DROP FORGING Drop forging is a mass production technique which hammers the metal between two dies. Half of the die is attached to the hammer (upper section) and half to the anvil (lower section). The hot metal is placed in the lower half of the die and struck one on more time with the upper die. This forces the metal to flow in all directions, filling the die cavity. Excess metal squeezed out between the die faces is called flash or flashing . After the forging is completed the flash is cut off in another press with a trimming die .
A metal shaping process, the metal to be formed is first heated then shaped by forcing it into the contours of a die, this force can be in excess of 2000 tons. The drop forging process can be performed with the material at various temperatures; Hot Forging During hot forging the metals are heated to above their recrystallization temperature. The main benefit of this hot forging is that work hardening is prevented due to the recrystallization of the metal as it begins to cool.
Cold Forging Cold Forging is generally performed with metal at room temperature below the recrystallization temperature. Cold forging typically work hardens the metal TWO TYPES OF DROP FORGING OPEN DIE Drop forging requires the operator to position the work piece while it is impacted by the ram. The die attached to the ram is usually flat or of a simple contour, most of the shaping is achieved by the operator physically positioning the work piece before each stroke of the ram. There are also special dies which can be used to cut the metal, form holes or notches.
CLOSED DIE (Impression die) Drop forging comprises of a die on the anvil which resembles a mould, the ram which falls and strikes the top of the metal billet can also be equipped with a die. The heated metal billet is placed on the lower die while the ram drives down forcing the metal to fill the contours of the die blocks.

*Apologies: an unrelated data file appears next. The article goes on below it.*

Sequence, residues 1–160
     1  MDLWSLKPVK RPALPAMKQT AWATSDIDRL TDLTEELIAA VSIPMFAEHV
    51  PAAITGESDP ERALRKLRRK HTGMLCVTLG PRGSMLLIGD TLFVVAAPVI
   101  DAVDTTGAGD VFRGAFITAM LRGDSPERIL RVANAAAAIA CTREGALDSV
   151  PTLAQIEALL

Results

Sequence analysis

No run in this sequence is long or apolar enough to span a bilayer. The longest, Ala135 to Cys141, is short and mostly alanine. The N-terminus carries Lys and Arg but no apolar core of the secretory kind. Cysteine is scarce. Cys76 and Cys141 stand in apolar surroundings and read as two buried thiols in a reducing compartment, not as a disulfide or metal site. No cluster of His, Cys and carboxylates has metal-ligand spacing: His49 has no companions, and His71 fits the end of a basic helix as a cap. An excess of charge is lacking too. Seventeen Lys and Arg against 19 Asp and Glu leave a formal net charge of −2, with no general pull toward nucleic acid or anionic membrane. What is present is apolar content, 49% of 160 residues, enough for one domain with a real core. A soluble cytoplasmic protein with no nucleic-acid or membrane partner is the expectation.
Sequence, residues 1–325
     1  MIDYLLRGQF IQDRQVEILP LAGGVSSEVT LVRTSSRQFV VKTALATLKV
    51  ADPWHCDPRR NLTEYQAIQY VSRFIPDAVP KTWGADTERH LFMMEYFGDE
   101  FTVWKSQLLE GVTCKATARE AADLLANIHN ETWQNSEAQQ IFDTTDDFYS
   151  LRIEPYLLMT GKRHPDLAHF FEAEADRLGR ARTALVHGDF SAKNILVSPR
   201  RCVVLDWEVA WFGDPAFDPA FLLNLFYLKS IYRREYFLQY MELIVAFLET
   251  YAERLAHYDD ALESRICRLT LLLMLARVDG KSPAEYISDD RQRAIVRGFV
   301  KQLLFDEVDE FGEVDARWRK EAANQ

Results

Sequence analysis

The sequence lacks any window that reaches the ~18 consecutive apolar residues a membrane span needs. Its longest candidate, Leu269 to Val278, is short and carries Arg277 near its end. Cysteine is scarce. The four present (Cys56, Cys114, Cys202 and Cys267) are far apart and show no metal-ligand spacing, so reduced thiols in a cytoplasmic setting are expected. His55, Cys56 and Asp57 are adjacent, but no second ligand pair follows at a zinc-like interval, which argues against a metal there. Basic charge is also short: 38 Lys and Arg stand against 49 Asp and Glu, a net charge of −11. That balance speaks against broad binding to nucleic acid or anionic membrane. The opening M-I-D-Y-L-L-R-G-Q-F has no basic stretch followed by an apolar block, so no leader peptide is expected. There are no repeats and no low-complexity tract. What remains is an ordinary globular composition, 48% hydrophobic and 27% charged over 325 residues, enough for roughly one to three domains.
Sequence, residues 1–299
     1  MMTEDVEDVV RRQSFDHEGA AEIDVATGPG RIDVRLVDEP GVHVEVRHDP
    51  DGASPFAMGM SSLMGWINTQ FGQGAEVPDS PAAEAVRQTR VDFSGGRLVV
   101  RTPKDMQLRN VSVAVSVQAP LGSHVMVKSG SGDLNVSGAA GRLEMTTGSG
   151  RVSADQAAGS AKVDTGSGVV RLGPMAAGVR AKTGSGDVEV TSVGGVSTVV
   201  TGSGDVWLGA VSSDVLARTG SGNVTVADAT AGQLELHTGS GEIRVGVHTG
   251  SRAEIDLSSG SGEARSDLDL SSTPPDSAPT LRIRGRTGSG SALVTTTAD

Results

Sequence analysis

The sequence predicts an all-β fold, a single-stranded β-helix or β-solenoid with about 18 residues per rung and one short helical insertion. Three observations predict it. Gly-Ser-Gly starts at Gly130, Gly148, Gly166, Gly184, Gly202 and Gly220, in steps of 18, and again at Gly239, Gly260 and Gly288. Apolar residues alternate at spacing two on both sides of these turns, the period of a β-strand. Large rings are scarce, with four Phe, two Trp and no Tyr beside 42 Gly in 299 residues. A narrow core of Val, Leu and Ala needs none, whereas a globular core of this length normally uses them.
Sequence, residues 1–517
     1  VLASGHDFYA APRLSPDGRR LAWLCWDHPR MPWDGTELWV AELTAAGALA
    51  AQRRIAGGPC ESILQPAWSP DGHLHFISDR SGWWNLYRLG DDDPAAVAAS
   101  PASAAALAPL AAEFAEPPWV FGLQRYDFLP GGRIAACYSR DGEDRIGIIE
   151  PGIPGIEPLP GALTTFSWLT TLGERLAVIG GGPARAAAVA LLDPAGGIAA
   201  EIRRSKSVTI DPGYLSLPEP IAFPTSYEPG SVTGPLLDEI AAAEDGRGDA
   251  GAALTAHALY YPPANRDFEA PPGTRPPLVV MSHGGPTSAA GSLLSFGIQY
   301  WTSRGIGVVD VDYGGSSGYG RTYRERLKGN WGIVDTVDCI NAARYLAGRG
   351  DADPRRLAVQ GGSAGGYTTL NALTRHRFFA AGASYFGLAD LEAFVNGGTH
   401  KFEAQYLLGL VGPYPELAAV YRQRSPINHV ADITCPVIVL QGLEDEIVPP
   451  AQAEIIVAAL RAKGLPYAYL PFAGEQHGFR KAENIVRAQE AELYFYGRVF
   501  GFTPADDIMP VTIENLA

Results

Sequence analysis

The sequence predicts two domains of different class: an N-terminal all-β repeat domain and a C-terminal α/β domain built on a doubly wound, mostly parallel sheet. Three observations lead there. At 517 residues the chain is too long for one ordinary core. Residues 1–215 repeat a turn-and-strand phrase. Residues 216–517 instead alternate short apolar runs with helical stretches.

Process details Closed-die forging A heated blank is placed between 2 halves of a die
A single compressive stroke squeezes the blank into the die to form the part. In hammer or drop forging this happens by dropping the top of the mould from a height. An alternative is to squeeze the moulds together using hydraulic pressure.
Once the die halves have separated, the part can be ejected immediately using an ejector pin.
Advantages 1. Parts of sizes up to 25 tons can be produced with closed die forging 2. Closed die forging can produce near net shapes that will require only a small amount of finishing 3. Economic (profitable) for large runs of product
4. Forging provides superior mechanical properties over castings due to the internal grain structure formation in forged parts 5. Makes strong products. 6. Many metals are forged cold, but iron and its alloys are always forged hot.
Disadvantages 1. Not very economical for short runs due to the high cost of die production 2. The business set up cost of drop forging is very high, not only are the machines and furnaces costly but special building provisions must be in place to cope with the powerful vibrations caused by drop forging. A special foundation must be laid to deal with this environment 3. Drop forging presents a dangerous working environment
Materials and shapes 1. Any metal can be forged, provided the blank is hot enough (( 60% of the melting temperature). 2. Typical possible sizes for closed dies range from 10g to 10kg, depending on complexity. 3. The part is left with good surface and mechanical properties, although cold-forging can perform even better.
4. Complex parts can be formed using a series of forging dies with increasing levels of detail. 5. A draft (taper) angle has to be incorporated to allow easy removal of the part. 6. Any waste material squeezed between the die halves, called flash, is readily recycled.
Economics Production rate is limited by the insertion and removal of the blank, so some form of automation is often used. As a result, machines can cost £100,000+, but can produce many parts a minute (if small). As both the machines and the dedicated dies are costly, production runs in excess of 50,000 are often needed to produce small parts economically. Large parts can be produced economically at smaller batch sizes, because there is less competition.
MATERIALS USED The materials that are used most commonly in drop forging are: aluminium, copper, nickel, mild steel, stainless steel, and magnesium. Best Material: Mild Steel Worst Material: Magnesium